easily extended forces of production have so far outgrown private
property and the bourgeoisie, that they threaten at any moment to
unleash the most violent disturbances of the social order.  Now, under
these conditions, the abolition of private property has become not only
possible but absolutely necessary.

– 16 –
Will the peaceful abolition of private property
be possible?

It would be desirable if this could happen, and the communists would
certainly be the last to oppose it.  Communists know only too well that
all conspiracies are not only useless, but even harmful.  They know all
too well that revolutions are not made intentionally and arbitrarily,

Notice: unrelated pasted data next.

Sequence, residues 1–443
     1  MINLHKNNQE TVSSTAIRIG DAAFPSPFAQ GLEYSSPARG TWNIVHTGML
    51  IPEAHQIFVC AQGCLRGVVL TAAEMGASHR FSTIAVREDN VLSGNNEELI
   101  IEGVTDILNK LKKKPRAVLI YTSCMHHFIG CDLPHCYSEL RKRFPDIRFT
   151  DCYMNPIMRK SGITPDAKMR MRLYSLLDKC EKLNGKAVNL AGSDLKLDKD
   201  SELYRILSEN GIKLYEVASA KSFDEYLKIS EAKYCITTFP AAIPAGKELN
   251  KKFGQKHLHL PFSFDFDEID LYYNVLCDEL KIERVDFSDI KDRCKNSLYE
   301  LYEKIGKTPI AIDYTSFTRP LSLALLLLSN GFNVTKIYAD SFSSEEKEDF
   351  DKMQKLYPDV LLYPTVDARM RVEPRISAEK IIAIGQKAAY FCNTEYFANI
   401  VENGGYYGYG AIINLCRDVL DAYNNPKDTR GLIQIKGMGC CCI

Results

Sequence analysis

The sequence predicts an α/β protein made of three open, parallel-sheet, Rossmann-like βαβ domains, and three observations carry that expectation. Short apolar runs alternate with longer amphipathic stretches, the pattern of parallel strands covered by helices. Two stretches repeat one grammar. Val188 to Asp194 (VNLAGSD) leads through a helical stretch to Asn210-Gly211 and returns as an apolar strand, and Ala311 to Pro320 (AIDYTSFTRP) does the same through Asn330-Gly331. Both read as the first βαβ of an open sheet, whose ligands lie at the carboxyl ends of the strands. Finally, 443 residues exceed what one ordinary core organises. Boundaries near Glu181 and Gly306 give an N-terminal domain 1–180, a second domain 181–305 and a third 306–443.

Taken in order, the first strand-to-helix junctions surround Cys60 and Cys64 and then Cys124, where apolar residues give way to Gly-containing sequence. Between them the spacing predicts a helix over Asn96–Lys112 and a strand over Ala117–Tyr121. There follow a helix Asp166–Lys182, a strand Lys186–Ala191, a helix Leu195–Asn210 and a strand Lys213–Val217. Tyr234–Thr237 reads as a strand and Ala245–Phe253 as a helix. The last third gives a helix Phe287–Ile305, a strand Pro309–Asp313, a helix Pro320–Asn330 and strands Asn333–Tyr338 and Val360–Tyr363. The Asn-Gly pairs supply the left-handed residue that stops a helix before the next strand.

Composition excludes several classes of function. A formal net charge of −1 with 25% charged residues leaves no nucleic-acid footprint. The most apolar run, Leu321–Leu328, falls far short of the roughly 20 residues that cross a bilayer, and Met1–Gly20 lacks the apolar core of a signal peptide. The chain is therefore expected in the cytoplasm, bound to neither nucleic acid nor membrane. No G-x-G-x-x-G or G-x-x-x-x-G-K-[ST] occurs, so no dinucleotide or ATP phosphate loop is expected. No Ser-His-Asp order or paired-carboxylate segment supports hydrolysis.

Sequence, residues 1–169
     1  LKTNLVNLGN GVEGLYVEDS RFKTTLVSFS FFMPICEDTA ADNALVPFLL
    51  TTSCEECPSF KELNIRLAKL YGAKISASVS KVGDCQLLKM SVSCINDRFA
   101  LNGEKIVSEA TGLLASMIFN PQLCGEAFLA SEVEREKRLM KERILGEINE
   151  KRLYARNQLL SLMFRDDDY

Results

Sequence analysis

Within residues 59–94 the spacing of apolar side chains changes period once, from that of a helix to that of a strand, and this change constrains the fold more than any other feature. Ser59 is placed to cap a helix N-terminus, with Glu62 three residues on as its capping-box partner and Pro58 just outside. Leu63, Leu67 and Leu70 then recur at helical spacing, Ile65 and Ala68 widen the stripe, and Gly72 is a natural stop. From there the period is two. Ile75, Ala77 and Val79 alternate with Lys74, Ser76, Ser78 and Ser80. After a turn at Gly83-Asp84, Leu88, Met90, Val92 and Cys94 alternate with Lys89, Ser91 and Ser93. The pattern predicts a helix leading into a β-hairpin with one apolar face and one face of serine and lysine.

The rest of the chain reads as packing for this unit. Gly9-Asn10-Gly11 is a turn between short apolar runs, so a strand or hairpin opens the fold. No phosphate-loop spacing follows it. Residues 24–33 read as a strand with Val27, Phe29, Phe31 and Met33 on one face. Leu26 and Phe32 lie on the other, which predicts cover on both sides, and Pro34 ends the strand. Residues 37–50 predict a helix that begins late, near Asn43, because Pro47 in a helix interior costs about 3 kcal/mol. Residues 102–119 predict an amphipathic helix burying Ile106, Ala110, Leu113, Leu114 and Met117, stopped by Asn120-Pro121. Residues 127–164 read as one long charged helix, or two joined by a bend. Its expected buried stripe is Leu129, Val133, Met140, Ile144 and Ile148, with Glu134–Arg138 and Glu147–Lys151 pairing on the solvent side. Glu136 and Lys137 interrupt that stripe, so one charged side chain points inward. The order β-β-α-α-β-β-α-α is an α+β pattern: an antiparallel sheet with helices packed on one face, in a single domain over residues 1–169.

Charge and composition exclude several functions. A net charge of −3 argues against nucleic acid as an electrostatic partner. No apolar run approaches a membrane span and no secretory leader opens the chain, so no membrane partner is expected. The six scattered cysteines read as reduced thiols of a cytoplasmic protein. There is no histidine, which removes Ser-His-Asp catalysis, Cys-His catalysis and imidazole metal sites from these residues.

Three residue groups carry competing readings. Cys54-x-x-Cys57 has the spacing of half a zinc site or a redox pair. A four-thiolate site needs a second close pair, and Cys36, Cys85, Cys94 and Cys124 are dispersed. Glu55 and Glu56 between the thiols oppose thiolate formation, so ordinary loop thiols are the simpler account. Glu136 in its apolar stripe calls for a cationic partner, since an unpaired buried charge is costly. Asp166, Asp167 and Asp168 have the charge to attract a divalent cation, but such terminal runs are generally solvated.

but that, everywhere and always, they have been the necessary
consequence of conditions which were wholly independent of the will and
direction of individual parties and entire classes.

But they also see that the development of the proletariat in nearly all
civilized countries has been violently suppressed, and that in this way
the opponents of communism have been working toward a revolution with
all their strength.  If the oppressed proletariat is finally driven to
revolution, then we communists will defend the interests of the
proletarians with deeds as we now defend them with words.

– 17 –
Will it be possible for
private property to be abolished at one stroke?

No, no more than existing forces of production can at one stroke be
multiplied to the extent necessary for the creation of a communal

In all probability, the proletarian revolution will transform existing